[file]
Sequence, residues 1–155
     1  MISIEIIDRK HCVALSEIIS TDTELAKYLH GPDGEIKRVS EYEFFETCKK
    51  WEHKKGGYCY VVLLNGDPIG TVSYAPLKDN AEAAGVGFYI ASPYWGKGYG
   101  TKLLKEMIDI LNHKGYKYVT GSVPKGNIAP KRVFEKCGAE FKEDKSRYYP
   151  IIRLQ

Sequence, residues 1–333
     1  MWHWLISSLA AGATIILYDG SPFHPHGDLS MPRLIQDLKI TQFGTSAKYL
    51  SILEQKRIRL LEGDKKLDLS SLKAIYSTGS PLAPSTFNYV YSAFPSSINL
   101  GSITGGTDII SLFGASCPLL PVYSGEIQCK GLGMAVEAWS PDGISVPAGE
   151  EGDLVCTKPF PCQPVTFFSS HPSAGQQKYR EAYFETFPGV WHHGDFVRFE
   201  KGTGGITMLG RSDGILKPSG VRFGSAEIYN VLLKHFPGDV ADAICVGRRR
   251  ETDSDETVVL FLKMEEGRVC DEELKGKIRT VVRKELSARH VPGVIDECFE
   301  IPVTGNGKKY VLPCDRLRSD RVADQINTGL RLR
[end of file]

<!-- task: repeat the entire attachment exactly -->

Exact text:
Sequence, residues 1–155
     1  MISIEIIDRK HCVALSEIIS TDTELAKYLH GPDGEIKRVS EYEFFETCKK
    51  WEHKKGGYCY VVLLNGDPIG TVSYAPLKDN AEAAGVGFYI ASPYWGKGYG
   101  TKLLKEMIDI LNHKGYKYVT GSVPKGNIAP KRVFEKCGAE FKEDKSRYYP
   151  IIRLQ

Sequence, residues 1–333
     1  MWHWLISSLA AGATIILYDG SPFHPHGDLS MPRLIQDLKI TQFGTSAKYL
    51  SILEQKRIRL LEGDKKLDLS SLKAIYSTGS PLAPSTFNYV YSAFPSSINL
   101  GSITGGTDII SLFGASCPLL PVYSGEIQCK GLGMAVEAWS PDGISVPAGE
   151  EGDLVCTKPF PCQPVTFFSS HPSAGQQKYR EAYFETFPGV WHHGDFVRFE
   201  KGTGGITMLG RSDGILKPSG VRFGSAEIYN VLLKHFPGDV ADAICVGRRR
   251  ETDSDETVVL FLKMEEGRVC DEELKGKIRT VVRKELSARH VPGVIDECFE
   301  IPVTGNGKKY VLPCDRLRSD RVADQINTGL RLR